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‘Affront to justice & victims’: UN experts decry Trump’s pardon of Blackwater contractors convicted of war crimes in Iraq

‘Affront to justice & victims’: UN experts decry Trump’s pardon of Blackwater contractors convicted of war crimes in Iraq
A group of UN experts have joined the chorus denouncing US President Donald Trump’s decision to pardon Blackwater contractors involved in the slaughter of Iraqi civilians, saying it “opens the door” for more abuses by mercenaries.

In a statement released on Wednesday, the working group on the use of mercenaries, composed of five independent experts with a mandate to advise the UN on human rights issues, called last week’s pardon of the four Blackwater contractors a violation of international law and a blow to human rights “at a global level.

Speaking on behalf of the group, Chair-Rapporteur Jelena Aparac did not mince her words, calling the pardon “an affront to justice and to the victims of the Nisour Square massacre and their families.”

The four men were tried and found guilty in 2015 for their role in gunning down 14 civilians and injuring 17 at the crowded Baghdad square in September 2007, in an incident that became so notorious the Blackwater private security group was sold and subsequently changed its name.  

Also on rt.com Pardon me? Don’t be fooled by the media freakout, Trump’s pardons are par for the course in Washington

The contractors were escorting a US embassy convoy when they opened fire on unsuspecting civilians with machine guns, grenade launchers and sniper rifles. They subsequently claimed they thought they were being ambushed,

Nicholas Slatten, who first opened fire, was found guilty of first-degree murder. His colleagues Paul Slough, Evan Liberty and Dustin Heard were found guilty of voluntary and attempted manslaughter. Slatten was sentenced to life in prison, while the other three were serving lengthy terms when Trump granted them all a full pardon on December 22. The decision triggered an outcry both at home and abroad.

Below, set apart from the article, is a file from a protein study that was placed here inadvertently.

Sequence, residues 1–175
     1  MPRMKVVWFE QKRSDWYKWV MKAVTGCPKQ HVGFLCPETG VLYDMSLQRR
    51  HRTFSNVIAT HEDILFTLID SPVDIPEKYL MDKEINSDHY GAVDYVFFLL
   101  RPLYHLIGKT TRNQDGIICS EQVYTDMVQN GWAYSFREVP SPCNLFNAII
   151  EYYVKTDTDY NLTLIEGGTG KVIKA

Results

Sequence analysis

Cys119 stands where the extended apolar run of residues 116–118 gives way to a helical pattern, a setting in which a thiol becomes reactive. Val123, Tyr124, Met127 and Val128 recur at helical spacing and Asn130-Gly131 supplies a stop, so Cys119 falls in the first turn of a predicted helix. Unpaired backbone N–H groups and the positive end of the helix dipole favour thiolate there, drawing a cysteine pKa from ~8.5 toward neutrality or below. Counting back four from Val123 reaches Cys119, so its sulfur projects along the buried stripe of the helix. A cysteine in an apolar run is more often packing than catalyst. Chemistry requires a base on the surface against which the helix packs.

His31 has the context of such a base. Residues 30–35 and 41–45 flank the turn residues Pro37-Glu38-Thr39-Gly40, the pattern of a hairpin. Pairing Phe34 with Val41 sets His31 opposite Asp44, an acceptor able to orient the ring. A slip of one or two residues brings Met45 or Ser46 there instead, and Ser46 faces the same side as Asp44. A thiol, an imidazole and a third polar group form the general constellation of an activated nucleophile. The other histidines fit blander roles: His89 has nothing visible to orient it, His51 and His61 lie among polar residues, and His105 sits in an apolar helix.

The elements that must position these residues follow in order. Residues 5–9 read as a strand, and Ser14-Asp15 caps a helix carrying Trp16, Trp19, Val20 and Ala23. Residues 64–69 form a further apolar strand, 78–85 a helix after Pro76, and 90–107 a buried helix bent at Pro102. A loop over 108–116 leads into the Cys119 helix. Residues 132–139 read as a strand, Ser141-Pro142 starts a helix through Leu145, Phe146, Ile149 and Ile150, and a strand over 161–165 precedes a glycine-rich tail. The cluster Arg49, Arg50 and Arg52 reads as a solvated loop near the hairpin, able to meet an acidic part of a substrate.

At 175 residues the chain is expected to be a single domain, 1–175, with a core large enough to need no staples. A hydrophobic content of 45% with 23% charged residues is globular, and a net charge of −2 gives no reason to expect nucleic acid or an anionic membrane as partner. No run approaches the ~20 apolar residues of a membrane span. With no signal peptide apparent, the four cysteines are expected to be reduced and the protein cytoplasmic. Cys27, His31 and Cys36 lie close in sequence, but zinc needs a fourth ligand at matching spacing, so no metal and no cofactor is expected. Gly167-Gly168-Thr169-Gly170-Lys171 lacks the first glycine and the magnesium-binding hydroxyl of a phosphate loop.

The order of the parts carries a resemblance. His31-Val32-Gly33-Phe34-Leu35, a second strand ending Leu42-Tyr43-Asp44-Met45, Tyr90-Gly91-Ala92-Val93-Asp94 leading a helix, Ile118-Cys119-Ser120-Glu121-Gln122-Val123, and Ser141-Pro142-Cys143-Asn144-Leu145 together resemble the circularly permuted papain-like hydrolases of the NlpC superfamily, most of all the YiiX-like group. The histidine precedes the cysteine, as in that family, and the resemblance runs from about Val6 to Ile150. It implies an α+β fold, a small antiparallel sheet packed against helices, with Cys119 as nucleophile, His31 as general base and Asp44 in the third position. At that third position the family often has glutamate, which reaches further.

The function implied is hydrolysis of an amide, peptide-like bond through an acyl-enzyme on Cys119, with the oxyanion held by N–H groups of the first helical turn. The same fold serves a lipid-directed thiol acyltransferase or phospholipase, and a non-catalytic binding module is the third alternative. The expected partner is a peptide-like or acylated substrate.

The pardon not only runs afoul of the US obligations to uphold international law, but also sends a signal to mercenaries that they can commit crimes in faraway lands with impunity, Aparac warned.

Pardons, amnesties, or any other forms of exculpation for war crimes open doors to future abuses when States contract private military and security companies for inherent state functions

Trump granted clemency to more than two dozen people in two waves of pardons before Christmas. In addition to the Blackwater four, the pardons were extended to his former  campaign officials Paul Manafort and George Papadopoulos, as well as to Roger Stone, who were all caught up in then special counsel Robert Mueller’s ‘Russiagate’ probe. The US president also pardoned Charles Kushner, the father of Trump’s son-in-law and White House senior adviser Jared Kushner.

Also on rt.com Roger Stone, Manafort and Jared Kushner’s father included in Trump’s second wave of pardons

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